A Night Too Young: Berlin Film Review
Smartly-handled innocence-in-peril featurette introduces a promising new writer-director from central Europe.
With a running-time of just an hour, Czech/Slovenian featurette A Night Too Young (Prílis mladá noc) is a pretty good thing in a decidedly small package. A nicely-judged tale of two 12-year-old boys growing up fast one New Year’s Eve in the company of three party-minded adults, it will prove a handy calling-card for 27-year-old director/co-writer Olmo Omerzu. One of the more talked-about titles in a generally low-key Berlinale Forum, its mid-length duration does inevitably confine it to after-dark TV slots and berths at film-festivals specializing in rising talent.
Programming-wise, the obvious tactic is a pairing with the Slovenia-born, Czech-trained Omerzu’s 43-minute The Second Act, which picked up a handful of prizes around Europe in 2008-9. He’s likely to obtain further jury recognition for this intriguing, oblique miniature which mostly unfolds in a nondescript Czech town blanketed with December snows. A chance meeting results in two 12-year-old buddies – never named, and played by chubby-cheeked Vojtěch Machuta and lean Jan Vaši – being asked to buy booze for a trio of adults (a transaction which, as Omerzu no doubt realizes, traditionally plays out the other way round.)
Katerina (Natálie Řehořová), a twentyish teacher from the boys’ school, has just arrived back from a trip to the mountains with quietly-spoken Stepan (Jiří Černý) and the latter’s gruff older friend David (Martin Pechlát) in tow. The adults drink, smoke, take soft drugs and display smoochy sexual intimacy with each other, half-oblivious to the youngsters’ watchful presence. When one of the lads swigs vodka and promptly throws up all over himself, the kids’ supposedly imminent departure is indefinitely delayed as the clock ticks on past midnight and towards morning…
Most artistically-minded European films – especially Austrian ones - would progress from this set-up into a harrowing spectacle of ruptured innocence, pedophile abuse and/or violent conflict. But Omerzu and his co-writers thankfully plow their own furrow, presenting the grown-ups’ inappropriate behavior in terms of tantalizingly enigmatic, sometimes darkly comic fragments – just as the boys might experience and process it, perhaps. Brief dream-sequences pop up throughout, keeping us off-balance about how much we can trust what we’re seeing.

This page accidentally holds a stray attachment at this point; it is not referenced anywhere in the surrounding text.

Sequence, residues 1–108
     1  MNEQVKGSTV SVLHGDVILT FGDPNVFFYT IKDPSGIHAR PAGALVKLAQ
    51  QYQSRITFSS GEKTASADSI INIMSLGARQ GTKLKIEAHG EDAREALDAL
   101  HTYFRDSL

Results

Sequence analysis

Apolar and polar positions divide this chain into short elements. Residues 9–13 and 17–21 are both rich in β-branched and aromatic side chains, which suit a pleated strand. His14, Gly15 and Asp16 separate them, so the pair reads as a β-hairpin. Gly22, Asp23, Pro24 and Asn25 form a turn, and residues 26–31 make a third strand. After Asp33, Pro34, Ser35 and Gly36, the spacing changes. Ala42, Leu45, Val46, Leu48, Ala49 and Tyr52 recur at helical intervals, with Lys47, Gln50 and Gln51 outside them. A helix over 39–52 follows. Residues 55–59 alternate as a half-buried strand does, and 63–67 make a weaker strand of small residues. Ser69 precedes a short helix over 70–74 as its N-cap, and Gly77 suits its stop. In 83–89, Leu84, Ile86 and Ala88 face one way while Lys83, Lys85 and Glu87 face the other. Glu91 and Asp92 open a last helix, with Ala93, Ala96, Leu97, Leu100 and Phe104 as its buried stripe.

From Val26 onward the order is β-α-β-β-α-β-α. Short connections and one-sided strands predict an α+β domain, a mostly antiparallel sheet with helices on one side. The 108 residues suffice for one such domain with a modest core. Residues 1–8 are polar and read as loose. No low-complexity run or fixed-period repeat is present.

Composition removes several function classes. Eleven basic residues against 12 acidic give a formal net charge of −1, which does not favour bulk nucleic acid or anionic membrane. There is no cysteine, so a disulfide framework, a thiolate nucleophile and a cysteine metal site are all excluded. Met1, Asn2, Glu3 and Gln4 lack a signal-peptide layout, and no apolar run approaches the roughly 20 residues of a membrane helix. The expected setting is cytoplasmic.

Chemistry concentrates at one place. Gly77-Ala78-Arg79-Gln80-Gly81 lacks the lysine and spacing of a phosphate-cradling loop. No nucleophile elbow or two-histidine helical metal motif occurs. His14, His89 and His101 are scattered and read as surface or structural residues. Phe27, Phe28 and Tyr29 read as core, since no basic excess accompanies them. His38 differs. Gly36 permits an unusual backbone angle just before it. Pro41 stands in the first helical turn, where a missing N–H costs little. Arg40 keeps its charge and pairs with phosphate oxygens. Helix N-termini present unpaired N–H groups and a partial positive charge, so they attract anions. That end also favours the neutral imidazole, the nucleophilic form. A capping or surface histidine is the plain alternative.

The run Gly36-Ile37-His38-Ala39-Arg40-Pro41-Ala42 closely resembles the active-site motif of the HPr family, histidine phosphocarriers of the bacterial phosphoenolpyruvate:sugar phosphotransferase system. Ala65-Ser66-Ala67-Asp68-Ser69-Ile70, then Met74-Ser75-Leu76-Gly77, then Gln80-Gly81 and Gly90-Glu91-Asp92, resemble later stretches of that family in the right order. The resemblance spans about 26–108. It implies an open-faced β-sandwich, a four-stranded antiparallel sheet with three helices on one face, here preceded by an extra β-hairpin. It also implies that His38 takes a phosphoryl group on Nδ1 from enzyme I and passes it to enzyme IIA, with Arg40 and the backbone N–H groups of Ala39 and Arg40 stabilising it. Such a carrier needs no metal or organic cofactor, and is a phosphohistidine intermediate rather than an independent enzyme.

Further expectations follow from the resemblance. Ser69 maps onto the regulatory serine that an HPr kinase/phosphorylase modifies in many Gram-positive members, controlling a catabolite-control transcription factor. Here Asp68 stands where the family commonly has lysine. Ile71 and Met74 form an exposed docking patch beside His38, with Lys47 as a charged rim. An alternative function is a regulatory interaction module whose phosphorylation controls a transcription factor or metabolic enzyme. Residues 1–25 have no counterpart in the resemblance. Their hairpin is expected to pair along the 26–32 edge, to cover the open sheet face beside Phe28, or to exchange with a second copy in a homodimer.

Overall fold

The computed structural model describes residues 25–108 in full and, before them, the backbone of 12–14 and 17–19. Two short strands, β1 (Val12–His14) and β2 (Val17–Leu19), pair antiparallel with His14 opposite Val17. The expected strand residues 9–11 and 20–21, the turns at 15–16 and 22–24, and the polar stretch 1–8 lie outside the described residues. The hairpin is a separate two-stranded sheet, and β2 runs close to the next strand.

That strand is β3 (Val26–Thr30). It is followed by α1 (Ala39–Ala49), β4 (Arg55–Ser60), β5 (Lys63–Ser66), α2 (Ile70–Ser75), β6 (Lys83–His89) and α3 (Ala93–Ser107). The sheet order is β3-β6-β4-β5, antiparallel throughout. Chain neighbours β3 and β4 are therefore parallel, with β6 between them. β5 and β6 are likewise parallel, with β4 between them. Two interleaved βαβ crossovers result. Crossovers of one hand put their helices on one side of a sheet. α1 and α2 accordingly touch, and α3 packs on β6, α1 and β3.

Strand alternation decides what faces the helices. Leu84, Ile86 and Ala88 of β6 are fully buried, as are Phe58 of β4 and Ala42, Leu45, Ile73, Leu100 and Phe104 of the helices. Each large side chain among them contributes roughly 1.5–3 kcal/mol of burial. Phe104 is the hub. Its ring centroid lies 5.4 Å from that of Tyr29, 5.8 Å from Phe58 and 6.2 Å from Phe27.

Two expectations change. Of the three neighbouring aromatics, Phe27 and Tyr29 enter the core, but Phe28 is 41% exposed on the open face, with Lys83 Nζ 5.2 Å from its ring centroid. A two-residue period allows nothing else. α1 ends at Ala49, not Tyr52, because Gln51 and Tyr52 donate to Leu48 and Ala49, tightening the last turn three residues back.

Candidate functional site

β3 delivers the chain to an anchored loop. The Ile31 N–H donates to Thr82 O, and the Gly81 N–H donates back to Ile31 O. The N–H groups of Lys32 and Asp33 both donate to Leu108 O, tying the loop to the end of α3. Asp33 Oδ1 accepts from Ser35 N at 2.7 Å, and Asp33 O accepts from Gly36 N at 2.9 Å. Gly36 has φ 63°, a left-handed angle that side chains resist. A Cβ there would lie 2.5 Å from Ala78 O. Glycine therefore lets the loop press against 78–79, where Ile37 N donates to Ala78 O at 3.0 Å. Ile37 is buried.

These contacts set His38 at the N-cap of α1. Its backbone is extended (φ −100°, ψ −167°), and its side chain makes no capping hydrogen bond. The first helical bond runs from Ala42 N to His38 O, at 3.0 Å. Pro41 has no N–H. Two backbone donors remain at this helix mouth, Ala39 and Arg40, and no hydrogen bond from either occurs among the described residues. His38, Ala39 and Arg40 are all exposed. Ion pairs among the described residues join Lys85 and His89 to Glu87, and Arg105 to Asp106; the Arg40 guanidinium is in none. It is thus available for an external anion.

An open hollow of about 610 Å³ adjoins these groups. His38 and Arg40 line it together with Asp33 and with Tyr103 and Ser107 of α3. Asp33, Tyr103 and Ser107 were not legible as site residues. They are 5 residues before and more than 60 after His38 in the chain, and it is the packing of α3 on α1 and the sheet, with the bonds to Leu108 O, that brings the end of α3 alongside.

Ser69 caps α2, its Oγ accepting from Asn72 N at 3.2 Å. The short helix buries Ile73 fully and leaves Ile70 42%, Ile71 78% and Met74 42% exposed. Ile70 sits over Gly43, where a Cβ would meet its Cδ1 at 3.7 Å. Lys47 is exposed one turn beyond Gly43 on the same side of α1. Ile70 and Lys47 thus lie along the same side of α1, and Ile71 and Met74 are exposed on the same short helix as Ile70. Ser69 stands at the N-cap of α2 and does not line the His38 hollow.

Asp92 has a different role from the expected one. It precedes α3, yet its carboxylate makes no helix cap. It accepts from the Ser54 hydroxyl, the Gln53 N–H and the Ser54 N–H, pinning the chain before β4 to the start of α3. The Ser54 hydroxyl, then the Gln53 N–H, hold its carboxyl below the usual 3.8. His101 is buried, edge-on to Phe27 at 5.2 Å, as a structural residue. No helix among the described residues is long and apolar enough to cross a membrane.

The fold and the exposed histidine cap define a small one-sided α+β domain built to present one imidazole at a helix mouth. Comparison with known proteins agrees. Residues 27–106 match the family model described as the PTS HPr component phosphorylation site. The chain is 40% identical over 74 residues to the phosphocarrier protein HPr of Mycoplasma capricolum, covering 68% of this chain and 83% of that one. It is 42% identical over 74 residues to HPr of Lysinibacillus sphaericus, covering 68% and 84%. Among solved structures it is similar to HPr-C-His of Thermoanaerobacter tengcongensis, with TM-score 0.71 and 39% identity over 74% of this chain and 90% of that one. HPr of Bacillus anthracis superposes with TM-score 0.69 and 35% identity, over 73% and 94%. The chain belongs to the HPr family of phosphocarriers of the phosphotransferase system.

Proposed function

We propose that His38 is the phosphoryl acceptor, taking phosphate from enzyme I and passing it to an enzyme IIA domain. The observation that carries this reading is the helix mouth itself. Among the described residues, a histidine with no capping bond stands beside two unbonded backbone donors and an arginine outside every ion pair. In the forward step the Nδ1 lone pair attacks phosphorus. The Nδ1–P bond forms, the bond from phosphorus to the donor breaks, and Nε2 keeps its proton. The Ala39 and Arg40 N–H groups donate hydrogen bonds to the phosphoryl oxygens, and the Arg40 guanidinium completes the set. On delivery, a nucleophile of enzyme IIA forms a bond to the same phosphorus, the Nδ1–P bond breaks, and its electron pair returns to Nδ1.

Though low-key in terms of plot – the main happening is the arrival of a chatty cop (Milan Mikulčik) - A Night Too Young scores highly in terms of atmosphere. Lukáš Milota’s cinematography nimbly navigates the confines of Katerina’s dowdily-decorated, dimly-lit apartment, while Omerzu shows a particularly deft feel for the selection and deployment of mood-enhancing soundtrack music.
Venue: Berlin Film Festival (Forum), Feb. 12, 2012.
Production company: endorfilm (co-production with Studio FAMU, Arsmedia)
Cast: Martin Pechlát, Jiří Černý, Natálie Řehořová, Vojtěch Machuta, Jan Vaši, Milan Mikulčik
Director: Olmo Omerzu
Screenwriters: Bruno Hájek, Jakub Felcman, Olmo Omerzu
Producer: Jiří Konečný
Co-producers: Ondřej Šejnoha, Franci Zajc, Boštjan Ikovic
Director of photography: Lukáš Milota
Production designer: Elsje de Bruijn
Costumes: Marjetka Kürner Kalous
Editor: Janka Vlčková
Sales Agent: dndorfilm, Prague
No rating, 61 minutes